June 7 (UPI) — Primaries in eight states ended Tuesday night, further setting the stage for the midterms this November, but some of the races won’t be decided for a while.
Results for candidates in several California races were up in the air Wednesday as ballots continued to be tallied. Mail-in ballots are among the factors causing the delay, as they are valid if postmarked by Tuesday.
A printing glitch also caused delays, omitting 118,522 names on voter rolls in several precincts leaving those ballots to be verified.
California has a top-two primary system, which means the top two winners, regardless of party, advance to face off in November’s general election.
Lt. Gov. Gavin Newsom finished first in a crowded gubernatorial field of candidates from both major parties, as well as independent and third party candidates. Newsom won 34 percent of the state’s vote.
He will face Republican John Cox, who won about 26 percent, in the election.
The former mayor of San Francisco, Newsom is expected to easily beat Cox, who’s backed by President Donald Trump.
It could take more than a week before all the votes are tallied in three congressional districts Democrats are hoping to flip. Rep. Dana Rohrabacher in the 48th District and Assemblywoman Young Kim in the 39th, both Republicans, are projected to advance in their races, but their opponents are not yet known. CNN projected Wednesday one of three Democrats will advance to face Republican Diane Harkey in November in the 49th District.
Longtime Sen. Dianne Feinstein will square off with Democratic state Sen. Kevin de León.
Incumbent Republican Gov. Kay Ivey won her primary with 56 percent support, easily beating Huntsville, Ala., Mayor Tommy Battle, who finished a distant second with 25 percent.
Ivey, who stepped into the governor post after the resignation of Robert Bentley last year, will seek a full term in November.
Her opponent will be Democrat Walt Maddox, the longtime mayor of Tuscaloosa, Ala., who won his party’s primary with 55 percent of the vote.
Incumbent Republican Gov. Kim Reynolds ran unopposed in her party’s primary and will face Democrat Fred Hubbell, who cruised to his party’s nomination Tuesday with 55 percent.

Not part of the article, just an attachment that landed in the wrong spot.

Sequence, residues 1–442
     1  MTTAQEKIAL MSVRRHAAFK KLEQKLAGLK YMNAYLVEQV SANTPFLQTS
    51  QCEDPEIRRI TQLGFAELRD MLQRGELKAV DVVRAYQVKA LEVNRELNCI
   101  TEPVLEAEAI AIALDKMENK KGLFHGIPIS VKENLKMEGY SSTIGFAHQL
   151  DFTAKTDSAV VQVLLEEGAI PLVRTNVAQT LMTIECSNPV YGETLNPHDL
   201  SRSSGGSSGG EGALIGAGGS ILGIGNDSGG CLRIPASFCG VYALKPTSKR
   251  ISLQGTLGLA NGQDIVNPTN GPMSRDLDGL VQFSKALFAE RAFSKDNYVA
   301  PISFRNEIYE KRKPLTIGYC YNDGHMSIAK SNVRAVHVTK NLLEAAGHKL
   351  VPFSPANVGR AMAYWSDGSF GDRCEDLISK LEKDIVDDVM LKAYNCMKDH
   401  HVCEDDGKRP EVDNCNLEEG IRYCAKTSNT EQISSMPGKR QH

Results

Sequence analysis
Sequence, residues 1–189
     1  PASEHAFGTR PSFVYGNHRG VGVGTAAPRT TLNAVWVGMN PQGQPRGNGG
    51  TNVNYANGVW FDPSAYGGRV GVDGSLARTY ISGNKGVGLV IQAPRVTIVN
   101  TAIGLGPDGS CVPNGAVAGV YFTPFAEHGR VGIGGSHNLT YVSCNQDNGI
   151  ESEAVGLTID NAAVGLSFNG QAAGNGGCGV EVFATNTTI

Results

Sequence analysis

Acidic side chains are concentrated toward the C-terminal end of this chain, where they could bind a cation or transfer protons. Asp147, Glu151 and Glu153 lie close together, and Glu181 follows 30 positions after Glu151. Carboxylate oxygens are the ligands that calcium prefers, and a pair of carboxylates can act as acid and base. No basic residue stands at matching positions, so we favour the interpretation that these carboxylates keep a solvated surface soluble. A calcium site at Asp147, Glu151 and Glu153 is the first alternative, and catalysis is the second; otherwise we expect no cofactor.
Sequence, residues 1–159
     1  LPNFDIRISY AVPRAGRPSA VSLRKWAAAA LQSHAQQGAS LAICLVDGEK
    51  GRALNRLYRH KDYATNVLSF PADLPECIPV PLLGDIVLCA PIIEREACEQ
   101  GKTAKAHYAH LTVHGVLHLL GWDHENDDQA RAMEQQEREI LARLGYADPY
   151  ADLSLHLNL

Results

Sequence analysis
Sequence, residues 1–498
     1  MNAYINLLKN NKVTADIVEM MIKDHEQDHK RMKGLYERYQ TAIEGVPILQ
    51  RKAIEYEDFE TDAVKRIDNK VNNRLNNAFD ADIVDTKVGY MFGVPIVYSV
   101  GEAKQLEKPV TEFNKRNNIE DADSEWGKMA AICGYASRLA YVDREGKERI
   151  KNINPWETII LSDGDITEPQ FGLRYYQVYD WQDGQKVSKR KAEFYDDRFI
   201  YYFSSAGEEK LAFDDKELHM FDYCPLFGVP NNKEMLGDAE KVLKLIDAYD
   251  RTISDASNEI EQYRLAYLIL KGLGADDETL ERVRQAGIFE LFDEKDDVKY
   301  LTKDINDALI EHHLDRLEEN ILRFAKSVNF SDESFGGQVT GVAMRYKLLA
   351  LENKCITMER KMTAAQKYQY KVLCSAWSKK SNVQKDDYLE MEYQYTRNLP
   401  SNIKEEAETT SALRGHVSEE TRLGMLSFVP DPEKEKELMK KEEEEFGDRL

In Iowa’s 1st District, incumbent Republican Rep. Rod Blum will face state Rep. Abby Finkenauer, who won the Democratic primary with 67 percent.
In the state’s 3rd District, incumbent Republican Rep. David Young will face Democrat Cindy Axne, who won 58 percent of her party’s vote.
Incumbent Republican Sen. Roger Wicker easily won his primary with 83 percent of ballots. His opponent is yet to be determined, as Democrats Howard Sherman and David Baria closed voting within one point of each other — Sherman with 32 percent and Baria with 31 percent.
The two Democrats will advance to a runoff to decide who will face Wicker in November.
Incumbent Democrat Sen. Jon Tester ran unopposed in his party’s primary, but several contenders lined up to take the Republican nomination to challenge him in November.
Montana State Auditor Matt Rosendale won 34 percent of the vote to edge out Judge Russ Fagg.
Tester will face Rosendale, who now has his party’s backing and millions of dollars in campaign funds the GOP plans to use to oust Tester in November.
Incumbent Democrat Sen. Robert Menendez, indicted in 2015 on corruption charges that were dismissed earlier this year, won his party’s primary with 62 percent, beating challenger Lisa McCormick, a political newbie who won 38 percent.
Menendez’s opponent in November will be Republican businessman Bob Hugin, who won 75 percent in his primary.
New Mexico’s 2nd District has long been Republican territory, and the GOP looks to fill Rep. Steve Pearce‘s seat in the fall. He vacated the seat to run for governor.
Democrats on Tuesday overwhelmingly chose attorney Xochitl Torres Small, who won 73 percent support against Madeline Hildebrandt. He will face Republican Yvette Herrell in November. She won her primary with 49 percent.
Pearce, who ran unopposed in his party’s primary for governor, will face Democrat Michelle Lujan Grisham in the governor’s race.
Republican Kristi Noem won the GOP primary for governor Tuesday with 56 percent, and has a chance to become the state’s first female gubernatorial leader.
Noem will face Democrat Billie Sutton, who ran unopposed, on election day.